That’s completely wrong about Toyota hybrids, perhaps left over general opinion from uneducated auto journalists. Toyota hybrids are light weight, efficient and easy and nice to drive. They have gradually improved over the years and currently if you about to purchase a car different from full ev then there is no better choice new or used. Except obviously if you have a specific needs like ultra small petrol manual, or large pick up truck or perhaps a sport or high performance car. For commuting, business travel or for a trade like taxi, delivery, fleet Toyota hybrids are the best and here is why: 


1. Drive nice and easy 🚗

2. Minimal maintenance cost 💲 

3. Most efficient 🔋

 

 

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Been in similar situation- had non dpf VAG pd diesel, which was torquey and fun to drive. Had Ceed albeit 3 pot turbo petrol, good. Have 2 litre hybrid and it is the best current option. It would do 50 mpg easily in mixed driving conditions. It won't beat diesel on motor way ie if you do 70 mph on motorway with hybrid and diesel car, you will find diesel better to drive but hybrid will always beat diesel in urban areas, and it won't have dpf related problems.

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MWay driving is basically the same in any car, stick the right foot down and you will get less mpg.  With a Toyota hybrid there are lots of driving techniques you can choose to adopt, or not, that will increase the mpg. Most of those techniques will lower the stress level when driving on todays very busy roads.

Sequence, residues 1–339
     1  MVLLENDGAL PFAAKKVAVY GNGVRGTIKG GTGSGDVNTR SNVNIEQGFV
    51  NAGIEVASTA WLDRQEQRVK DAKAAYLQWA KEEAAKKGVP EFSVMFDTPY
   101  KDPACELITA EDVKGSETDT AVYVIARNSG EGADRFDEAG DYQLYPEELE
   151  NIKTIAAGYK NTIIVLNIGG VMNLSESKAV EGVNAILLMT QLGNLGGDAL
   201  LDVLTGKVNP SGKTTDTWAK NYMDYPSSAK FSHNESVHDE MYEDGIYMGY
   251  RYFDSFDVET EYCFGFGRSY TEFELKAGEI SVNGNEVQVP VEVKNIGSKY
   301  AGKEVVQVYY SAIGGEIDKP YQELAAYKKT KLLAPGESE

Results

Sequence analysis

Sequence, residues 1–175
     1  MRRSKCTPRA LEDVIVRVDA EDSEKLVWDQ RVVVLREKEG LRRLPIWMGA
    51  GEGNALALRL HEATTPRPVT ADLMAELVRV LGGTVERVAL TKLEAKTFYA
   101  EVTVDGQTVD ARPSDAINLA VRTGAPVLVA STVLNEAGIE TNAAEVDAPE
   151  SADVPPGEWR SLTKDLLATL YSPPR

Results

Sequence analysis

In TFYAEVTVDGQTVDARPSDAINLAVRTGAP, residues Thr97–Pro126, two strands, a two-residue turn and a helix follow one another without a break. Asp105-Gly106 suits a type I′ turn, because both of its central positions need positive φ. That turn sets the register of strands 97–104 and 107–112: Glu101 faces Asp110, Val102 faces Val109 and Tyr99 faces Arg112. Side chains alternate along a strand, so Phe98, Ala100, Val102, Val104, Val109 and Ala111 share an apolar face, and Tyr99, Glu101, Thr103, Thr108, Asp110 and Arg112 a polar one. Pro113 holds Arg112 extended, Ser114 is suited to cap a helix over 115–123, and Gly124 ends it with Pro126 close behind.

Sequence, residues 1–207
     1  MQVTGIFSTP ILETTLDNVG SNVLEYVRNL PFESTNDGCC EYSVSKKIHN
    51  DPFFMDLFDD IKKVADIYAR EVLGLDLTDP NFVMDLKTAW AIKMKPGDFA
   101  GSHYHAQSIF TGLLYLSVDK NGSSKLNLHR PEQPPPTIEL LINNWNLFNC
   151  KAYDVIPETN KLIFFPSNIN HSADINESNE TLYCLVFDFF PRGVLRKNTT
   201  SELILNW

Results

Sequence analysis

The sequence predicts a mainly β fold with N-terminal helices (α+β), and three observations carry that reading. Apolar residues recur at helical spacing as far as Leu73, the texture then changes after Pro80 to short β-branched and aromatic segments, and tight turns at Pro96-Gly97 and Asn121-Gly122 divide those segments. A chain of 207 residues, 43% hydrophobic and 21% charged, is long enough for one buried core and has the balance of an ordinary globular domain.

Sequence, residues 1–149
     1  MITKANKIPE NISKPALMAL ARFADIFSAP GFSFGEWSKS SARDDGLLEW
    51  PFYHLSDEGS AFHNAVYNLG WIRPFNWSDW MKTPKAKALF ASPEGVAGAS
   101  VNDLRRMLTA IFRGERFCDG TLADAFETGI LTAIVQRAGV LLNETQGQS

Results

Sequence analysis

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15 minutes ago, Catlover said:

MWay driving is basically the same in any car, stick the right foot down and you will get less mpg.  With a Toyota hybrid there are lots of driving techniques you can choose to adopt, or not, that will increase the mpg. Most of those techniques will lower the stress level when driving on todays very busy roads.

This is one of the main reasons why I bought a Hybrid.. After testing driving a Corolla with a HUD, it felt like a mini game for me and it pushed me to drive in a better a more gentle manner and it really was a pleasure to drive on busy roads, made me more patient. 

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11 minutes ago, Perry313 said:

This is one of the main reasons why I bought a Hybrid.. After testing driving a Corolla with a HUD, it felt like a mini game for me and it pushed me to drive in a better a more gentle manner and it really was a pleasure to drive on busy roads, made me more patient. 

Well, they say patience is a virtue (the Bible calls it long suffering - no mother in law jokes). It is very true. Get stuck in a jam, be it MWay, or any other road, and what can you do but to sit there and be patient. Jump up and down in your seat, but that doesn’t get you out of the jam, just nearer to a unscheduled visit to hospital with a heart attack maybe.

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Yeah, I find it weirdly pleasant how driving the car just relaxes you. I don't know if it's magnetic waves affecting my brain or something but I just feel super chilled in the car, don't feel so annoyed at the terrible driving of other people, just leave them space to get themselves in trouble without it affecting me and roll on. It's less "YOU $$*$&% *$&$£&£($ MOTHER*$&£"^" and more "*shakes head* *sigh*  Pillock."

That said I do still sometimes just plant the accelerator while laughing maniacally, e.g. when I'm first at the lights, but that's just a statistical anomaly... :whistling1:

(This thing is soooo fun to drive :laugh: )

 

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I can imagine what you mean about it being very calming.  I notice it (too a lesser extent probably) when trying to eek every bit out of each litre of diesel, happy to sit at 55 while everyone else in the right hand lanes are constantly either hard on the accelerator or hard on the brake, cruising up to junctions etc.  I'm sure if Drs examined it, it would have a great impact for anyone suffering from high blood pressure 😂

I don't get why whether or not you care about the environment - why you wouldn't try and save fuel!